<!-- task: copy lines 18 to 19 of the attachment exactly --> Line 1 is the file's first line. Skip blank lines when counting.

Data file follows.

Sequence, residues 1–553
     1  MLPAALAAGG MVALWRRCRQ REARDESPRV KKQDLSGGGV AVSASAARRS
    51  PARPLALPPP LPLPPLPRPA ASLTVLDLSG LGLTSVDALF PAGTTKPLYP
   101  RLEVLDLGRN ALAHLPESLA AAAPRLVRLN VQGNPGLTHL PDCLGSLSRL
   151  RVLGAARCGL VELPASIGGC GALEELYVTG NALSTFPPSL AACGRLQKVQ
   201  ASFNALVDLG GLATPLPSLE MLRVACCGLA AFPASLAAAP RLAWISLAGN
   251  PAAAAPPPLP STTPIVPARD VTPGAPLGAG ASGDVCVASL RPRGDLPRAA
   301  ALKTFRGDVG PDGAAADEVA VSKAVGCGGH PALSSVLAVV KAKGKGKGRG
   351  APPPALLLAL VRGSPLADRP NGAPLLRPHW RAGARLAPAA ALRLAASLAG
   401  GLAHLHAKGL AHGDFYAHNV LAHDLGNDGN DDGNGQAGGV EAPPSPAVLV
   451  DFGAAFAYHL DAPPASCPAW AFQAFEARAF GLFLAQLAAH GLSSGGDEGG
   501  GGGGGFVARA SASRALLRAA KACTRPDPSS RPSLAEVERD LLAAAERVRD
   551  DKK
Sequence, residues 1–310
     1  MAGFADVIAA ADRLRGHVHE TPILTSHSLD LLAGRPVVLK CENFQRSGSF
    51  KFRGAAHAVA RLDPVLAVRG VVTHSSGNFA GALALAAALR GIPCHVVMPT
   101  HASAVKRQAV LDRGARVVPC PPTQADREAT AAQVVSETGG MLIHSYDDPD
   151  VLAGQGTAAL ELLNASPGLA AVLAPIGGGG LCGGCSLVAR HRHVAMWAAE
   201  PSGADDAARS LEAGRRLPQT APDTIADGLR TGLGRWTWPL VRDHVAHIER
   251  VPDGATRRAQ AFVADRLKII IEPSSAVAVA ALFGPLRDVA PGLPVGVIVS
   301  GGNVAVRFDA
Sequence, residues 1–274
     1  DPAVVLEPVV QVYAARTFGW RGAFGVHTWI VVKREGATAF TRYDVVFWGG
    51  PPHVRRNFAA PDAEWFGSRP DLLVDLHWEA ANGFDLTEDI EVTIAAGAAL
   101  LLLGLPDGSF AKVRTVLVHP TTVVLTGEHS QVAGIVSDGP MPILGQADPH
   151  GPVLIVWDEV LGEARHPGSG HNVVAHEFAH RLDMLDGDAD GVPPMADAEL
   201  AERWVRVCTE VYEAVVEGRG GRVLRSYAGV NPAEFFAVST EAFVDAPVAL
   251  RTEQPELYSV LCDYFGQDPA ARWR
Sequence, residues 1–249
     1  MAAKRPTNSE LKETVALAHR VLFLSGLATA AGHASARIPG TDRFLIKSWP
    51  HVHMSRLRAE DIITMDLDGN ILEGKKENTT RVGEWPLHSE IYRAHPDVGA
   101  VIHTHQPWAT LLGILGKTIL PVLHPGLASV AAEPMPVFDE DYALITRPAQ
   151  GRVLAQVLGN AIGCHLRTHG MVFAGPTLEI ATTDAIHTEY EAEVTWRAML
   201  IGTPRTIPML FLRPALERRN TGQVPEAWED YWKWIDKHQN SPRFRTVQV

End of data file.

   151  VLAGQGTAAL ELLNASPGLA AVLAPIGGGG LCGGCSLVAR HRHVAMWAAE
   201  PSGADDAARS LEAGRRLPQT APDTIADGLR TGLGRWTWPL VRDHVAHIER